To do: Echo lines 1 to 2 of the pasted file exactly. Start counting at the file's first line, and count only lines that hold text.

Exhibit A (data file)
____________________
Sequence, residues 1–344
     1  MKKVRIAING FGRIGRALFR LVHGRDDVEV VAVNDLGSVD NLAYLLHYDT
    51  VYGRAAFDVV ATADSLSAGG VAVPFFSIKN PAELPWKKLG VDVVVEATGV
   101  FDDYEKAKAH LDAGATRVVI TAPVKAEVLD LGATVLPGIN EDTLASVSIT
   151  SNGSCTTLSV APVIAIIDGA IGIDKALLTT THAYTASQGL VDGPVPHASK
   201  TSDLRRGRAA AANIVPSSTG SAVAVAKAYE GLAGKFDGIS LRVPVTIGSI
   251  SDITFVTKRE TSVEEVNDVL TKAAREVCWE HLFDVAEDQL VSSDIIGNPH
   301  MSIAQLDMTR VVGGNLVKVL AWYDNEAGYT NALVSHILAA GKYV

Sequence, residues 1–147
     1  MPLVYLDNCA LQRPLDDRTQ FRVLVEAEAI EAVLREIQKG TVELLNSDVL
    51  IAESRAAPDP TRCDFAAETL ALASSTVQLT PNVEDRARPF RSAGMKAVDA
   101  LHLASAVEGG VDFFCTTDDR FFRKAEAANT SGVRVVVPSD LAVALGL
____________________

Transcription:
Sequence, residues 1–344
     1  MKKVRIAING FGRIGRALFR LVHGRDDVEV VAVNDLGSVD NLAYLLHYDT